“The Inspectra can tell you internally if there’s discolouration in the apple, the sugar level and the firmness of the apple with a pressure test,” she says.
“That’s how far ahead the technology has moved. People have no idea how advanced the fruit and veg industries have become.”
For cherries, a new punnet machine has also been installed.
As it automatically seals the fruit it provides an advantage for health, safety and efficiency as customers, Sandra says, are happier purchasing a punnet for convenience over cherries that have been handled by someone else. Ceravolo Orchards has upgraded another sorting machine similar to the Inspectra, which determines the softness and cracks of a cherry.
In collaboration with one of their suppliers, Hills Cider Company, the two companies have built a cellar door in which people can experience the farm to final product on location.
Miss Match Brewing Co. will handle craft beer and Adelaide Hills Distillery the spirits.
“We’ve diversified in a number of ways. We believe we have to in this day and age. What you do you’ve got to do well but you can’t just do one thing,” Sandra says. “You need to be able to have multiple avenues so that if something doesn’t go right you need another avenue to sell your product.”
These prudent investments in technology are crucial to empowering the quality control.
For Ceravolo Orchards, that’s even more reason to insure the produce arrives in the same condition it was picked. The Scania S 650 provides Tony with confidence his fruit won’t get damaged in transit.
“I believe the Scania gives you a superior ride. It’s very soft on the food in back,” he says. “We’ve never had anything move on these trucks. All our vehicles are on airbags.”
Operation of the truck requires scarce use of the brakes according to Tony even at traffic lights where the S 650 virtually stops itself helping to save on fuel and maintenance.
As a farming operation, Ceravolo Orchards uses excavators and spray units which need to be transported often.
“Even for those jobs these trucks are brilliant. You’re in and out of the truck all the time and the ease of access is very good.”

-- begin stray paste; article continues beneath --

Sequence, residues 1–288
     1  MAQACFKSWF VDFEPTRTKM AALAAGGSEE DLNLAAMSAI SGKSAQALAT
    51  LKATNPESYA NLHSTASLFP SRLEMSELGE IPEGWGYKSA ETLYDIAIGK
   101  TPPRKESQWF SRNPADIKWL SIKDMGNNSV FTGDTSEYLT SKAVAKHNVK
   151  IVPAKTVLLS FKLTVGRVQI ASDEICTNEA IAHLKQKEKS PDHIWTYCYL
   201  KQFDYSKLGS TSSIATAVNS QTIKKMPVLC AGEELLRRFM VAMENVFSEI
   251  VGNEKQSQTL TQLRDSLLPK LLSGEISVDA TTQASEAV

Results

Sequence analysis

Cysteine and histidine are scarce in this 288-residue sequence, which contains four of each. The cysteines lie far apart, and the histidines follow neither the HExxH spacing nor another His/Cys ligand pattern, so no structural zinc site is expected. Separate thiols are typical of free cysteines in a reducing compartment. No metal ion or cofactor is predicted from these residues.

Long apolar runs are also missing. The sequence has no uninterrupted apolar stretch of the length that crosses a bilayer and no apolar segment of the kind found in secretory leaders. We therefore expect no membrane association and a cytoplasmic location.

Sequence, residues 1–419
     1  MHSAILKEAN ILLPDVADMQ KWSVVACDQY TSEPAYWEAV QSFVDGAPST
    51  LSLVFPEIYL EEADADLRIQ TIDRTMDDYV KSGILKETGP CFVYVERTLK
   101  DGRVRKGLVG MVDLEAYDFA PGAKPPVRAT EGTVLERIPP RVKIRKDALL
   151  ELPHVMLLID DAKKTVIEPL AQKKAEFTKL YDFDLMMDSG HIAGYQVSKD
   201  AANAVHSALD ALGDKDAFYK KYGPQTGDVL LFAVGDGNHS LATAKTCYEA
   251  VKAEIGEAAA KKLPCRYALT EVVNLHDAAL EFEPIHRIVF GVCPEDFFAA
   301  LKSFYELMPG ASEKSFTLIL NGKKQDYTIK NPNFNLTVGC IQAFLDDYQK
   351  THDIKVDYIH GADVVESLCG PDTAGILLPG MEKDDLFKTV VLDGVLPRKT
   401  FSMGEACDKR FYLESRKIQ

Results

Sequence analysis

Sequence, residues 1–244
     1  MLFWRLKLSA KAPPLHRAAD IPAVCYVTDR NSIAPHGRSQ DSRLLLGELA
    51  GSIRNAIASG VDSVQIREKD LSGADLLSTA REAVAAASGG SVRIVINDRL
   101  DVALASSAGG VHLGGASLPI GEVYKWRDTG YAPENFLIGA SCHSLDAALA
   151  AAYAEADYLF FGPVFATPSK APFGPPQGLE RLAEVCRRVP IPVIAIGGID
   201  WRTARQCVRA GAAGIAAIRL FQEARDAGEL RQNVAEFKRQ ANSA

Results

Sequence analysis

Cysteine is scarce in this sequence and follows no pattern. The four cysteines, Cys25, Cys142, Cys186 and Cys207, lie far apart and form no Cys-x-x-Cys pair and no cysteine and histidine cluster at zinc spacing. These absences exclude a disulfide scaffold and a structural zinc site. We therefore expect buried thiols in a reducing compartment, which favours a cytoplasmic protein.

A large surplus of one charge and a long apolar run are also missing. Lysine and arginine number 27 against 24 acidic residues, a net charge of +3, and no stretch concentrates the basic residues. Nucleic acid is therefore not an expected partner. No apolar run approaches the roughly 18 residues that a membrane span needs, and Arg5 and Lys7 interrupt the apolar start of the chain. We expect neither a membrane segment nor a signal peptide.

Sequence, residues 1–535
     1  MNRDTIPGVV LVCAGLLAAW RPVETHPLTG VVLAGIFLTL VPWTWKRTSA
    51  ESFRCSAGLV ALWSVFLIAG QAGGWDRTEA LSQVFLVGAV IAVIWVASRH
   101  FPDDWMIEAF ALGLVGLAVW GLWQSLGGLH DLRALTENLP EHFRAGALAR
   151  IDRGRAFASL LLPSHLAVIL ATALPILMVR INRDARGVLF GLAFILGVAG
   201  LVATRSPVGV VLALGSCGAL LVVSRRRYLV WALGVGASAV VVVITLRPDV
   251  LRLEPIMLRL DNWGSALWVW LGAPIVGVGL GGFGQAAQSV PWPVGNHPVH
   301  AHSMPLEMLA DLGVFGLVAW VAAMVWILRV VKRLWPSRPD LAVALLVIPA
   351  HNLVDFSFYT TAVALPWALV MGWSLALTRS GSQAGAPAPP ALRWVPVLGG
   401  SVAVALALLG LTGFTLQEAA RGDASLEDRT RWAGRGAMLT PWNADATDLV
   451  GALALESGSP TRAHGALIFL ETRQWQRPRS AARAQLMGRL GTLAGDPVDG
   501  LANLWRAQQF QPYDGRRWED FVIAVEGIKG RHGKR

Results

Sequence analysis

The S 650 delivered to Tony was the first S-cab to arrive in Australia.
The cabin has a 15-tonne load rating while he interior has been decked out per Tony’s request. He didn’t mind waiting for the leather interior with red stitching and a red rim around it.
All controls, including lights, mirrors and windows are contained on the arm piece to maximise comfort.
Tony says the Scania prime movers react to considerate driving, with slow take offs and gentle braking likely to ensure they last well beyond a traditional service life. He says his drivers respect the Scania vehicles because they are such a lovely truck to drive.
“I’ve got a couple of boys who drive the S 650 and when they get in it they never want to get out of it,” Tony says. “All of my drivers love Scanias. They won’t let me buy anything else.”
Last year Sandra and Tony celebrated their 30th wedding anniversary.
They have five children. Joyce and Joseph work at the juice plant and Ralph Jnr, who works at the wholesale market. Staff numbers fluctuate between 50 and 150 depending on the season.
For Sandra, joining the Ceravolo clan, from Adelaide where she met Tony, was tantamount to joining the business.
Back in 1988 when she moved to the hills the first fruit saplings planted by Antonio and Ralph Ceravolo had long matured and were already a major part of the business under husband Tony’s guidance.
Sandra, not one for cold climates having grown up in the city, says she was happy to heave heavy cabbages and cauliflower but the marriage, and its chances of survival, hinged on broccoli.
More to the point her resistance in picking the leafy vegetable at first light in the freezing cold given it deteriorates rapidly in the heat of the day. She laughs about her line in the sand moment.
“I’m fortunate the fruit growing became the main focus of the business,” she says. “There’s so much going on it’s hard to keep up.”
The Scania can often be heard echoing in the sun kissed green hills during summer.
But it’s not the rumble of the V8 engine that announces its presence at Ashton.
Tony blasts the air horn, an unsung safety feature of the S 650, scattering rainbow lorikeets that come to graze at leisure while suspended from the net covered cherry trees.